Special guidance drawn up after tunnelling projects approach limit of insurability
Crossrail’s insurers have used special guidance drawn up following a series of catastrophic tunnel collapses, the first details of the policy agreement have revealed.
Swiss Re is joined by Zurich as the lead insurer on the £15.9bn London rail project, further supported by excess liability coverage led by QBE and Ace. Heath Lambert brokered the historic nine-year insurance policy without a break clause.
The guidance was thrashed out by the ABI and the British Tunnelling Society, learning from the mistakes of the Heathrow Tunnel Collapse in 1994, which put lives at risk and caused the cancellation of hundreds of flights, as well as tunnel collapses in Hull, Munich’s Metro and Singapore during the past 20 years.
Cedric Wong, a senior underwriter at the corporate solutions unit of Swiss Re, a lead insurer for the London transport project, said: “Ten years ago tunnels were coming close to the limit of insurability. A lot of key markets pulled out of insuring tunnelled projects because the collapses were frequent and, when they happened, the costs associated with repairing them were substantially higher than the premium pool for those risks.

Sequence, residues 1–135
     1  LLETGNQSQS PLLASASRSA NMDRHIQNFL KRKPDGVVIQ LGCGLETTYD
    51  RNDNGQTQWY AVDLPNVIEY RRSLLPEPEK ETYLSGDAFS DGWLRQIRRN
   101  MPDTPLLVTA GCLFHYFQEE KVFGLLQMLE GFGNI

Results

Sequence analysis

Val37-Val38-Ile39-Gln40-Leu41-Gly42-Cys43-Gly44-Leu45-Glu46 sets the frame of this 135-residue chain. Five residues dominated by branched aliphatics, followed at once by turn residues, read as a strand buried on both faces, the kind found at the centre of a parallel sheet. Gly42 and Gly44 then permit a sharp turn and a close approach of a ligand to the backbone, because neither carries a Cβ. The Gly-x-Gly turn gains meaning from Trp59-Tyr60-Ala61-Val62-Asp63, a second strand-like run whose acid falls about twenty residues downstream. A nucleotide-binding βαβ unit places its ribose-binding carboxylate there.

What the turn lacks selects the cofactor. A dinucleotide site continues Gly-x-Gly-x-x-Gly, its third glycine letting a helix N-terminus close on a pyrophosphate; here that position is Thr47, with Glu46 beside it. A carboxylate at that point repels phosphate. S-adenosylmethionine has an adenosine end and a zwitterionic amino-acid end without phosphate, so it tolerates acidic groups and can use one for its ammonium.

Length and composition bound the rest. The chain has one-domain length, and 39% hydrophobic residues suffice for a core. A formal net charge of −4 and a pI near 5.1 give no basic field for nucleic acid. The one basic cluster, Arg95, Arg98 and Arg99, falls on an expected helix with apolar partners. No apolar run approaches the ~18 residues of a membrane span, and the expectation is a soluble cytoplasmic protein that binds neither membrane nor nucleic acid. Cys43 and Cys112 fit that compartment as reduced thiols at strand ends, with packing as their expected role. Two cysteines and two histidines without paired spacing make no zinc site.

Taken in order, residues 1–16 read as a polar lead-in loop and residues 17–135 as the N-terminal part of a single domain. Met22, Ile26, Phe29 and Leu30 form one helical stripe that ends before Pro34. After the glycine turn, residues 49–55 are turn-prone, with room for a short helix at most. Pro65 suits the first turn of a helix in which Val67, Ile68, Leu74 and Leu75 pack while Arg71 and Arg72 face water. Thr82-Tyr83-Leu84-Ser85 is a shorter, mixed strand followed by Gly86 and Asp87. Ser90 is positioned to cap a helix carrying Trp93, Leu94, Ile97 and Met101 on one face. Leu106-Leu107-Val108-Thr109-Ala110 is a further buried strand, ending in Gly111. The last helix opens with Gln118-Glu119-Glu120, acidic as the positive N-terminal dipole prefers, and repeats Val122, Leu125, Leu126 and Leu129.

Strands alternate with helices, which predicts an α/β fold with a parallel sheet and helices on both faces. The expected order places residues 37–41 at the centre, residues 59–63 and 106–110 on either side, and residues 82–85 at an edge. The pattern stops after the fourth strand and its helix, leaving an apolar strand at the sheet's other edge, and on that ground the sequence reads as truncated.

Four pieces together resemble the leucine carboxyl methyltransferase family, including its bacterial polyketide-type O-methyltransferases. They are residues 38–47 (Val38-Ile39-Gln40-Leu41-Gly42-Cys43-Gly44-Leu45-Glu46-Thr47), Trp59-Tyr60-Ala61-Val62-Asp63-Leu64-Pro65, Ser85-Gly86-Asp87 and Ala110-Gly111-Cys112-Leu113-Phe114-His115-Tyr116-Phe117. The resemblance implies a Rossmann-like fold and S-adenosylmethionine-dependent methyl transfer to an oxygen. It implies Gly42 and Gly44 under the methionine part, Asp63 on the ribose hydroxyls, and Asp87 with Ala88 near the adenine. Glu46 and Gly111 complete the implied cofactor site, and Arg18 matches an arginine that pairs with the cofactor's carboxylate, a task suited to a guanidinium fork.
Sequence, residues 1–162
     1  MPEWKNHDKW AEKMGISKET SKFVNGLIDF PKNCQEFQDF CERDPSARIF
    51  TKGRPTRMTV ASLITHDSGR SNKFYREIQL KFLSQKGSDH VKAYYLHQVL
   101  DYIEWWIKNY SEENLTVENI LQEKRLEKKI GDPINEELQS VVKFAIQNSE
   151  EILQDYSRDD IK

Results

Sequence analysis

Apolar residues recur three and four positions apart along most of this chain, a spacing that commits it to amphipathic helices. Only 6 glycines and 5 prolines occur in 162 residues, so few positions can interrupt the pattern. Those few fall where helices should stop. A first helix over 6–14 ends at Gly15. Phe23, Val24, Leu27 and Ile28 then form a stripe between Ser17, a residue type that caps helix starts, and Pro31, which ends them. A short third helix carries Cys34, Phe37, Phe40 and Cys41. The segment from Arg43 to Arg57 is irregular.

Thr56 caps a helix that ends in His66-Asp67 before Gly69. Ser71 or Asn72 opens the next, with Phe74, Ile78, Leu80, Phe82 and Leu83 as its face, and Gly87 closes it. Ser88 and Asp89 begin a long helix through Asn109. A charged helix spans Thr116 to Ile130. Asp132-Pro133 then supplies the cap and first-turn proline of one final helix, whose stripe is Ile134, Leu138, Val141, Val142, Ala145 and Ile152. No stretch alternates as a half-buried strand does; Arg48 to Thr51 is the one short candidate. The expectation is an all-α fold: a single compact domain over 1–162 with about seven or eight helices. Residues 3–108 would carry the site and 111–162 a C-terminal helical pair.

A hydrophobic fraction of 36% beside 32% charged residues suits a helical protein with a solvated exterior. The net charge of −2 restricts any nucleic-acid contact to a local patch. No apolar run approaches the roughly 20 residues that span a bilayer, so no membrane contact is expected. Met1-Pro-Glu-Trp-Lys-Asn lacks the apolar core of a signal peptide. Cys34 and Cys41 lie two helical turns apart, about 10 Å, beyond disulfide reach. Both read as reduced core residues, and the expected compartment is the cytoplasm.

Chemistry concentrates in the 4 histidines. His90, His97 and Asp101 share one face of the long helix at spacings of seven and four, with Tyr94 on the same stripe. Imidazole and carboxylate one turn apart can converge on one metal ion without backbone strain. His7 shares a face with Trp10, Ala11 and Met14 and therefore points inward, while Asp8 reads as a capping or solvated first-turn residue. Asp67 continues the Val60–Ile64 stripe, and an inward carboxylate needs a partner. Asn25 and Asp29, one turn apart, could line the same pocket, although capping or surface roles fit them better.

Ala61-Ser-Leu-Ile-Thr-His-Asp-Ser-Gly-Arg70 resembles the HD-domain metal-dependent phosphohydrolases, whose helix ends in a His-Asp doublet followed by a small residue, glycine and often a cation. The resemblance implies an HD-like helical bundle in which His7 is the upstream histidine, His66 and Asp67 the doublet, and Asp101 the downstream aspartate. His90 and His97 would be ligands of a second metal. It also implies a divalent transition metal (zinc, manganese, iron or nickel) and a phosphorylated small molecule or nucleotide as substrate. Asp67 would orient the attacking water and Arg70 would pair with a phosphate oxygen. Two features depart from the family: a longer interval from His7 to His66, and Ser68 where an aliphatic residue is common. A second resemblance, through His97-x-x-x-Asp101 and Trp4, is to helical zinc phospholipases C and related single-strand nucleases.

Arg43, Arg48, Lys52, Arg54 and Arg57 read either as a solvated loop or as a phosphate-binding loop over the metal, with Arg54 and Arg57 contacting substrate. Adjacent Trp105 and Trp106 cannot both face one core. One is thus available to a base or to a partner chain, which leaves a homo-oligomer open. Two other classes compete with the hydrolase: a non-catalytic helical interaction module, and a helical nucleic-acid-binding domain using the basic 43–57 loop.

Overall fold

“During the underwriting process, we benchmarked the Crossrail project against the joint code of practice and it benchmarked favourably, and this is one of the elements that gave us comfort.”
Heath Lambert’s head of project risks, Mike Hawkes, said bringing together the parties for Crossrail was “demanding”. He added: “As the broker, we knew the procurement process was going to be demanding. There was a robust but fair procurement process and insurers had to adapt to a new approach in submitting terms.”
There had been widespread speculation that the government might scale back the project in its austerity cuts, but Hawkes said the project had received the “green light” and this was not something being contemplated.
Crossrail is a part government- and private-funded project to build major new rail connections under central London by 2017. Crossrail will cost around £15.9bn, making it the largest construction project in Europe.
A source said the premium for the deal would be in the “multimillions”.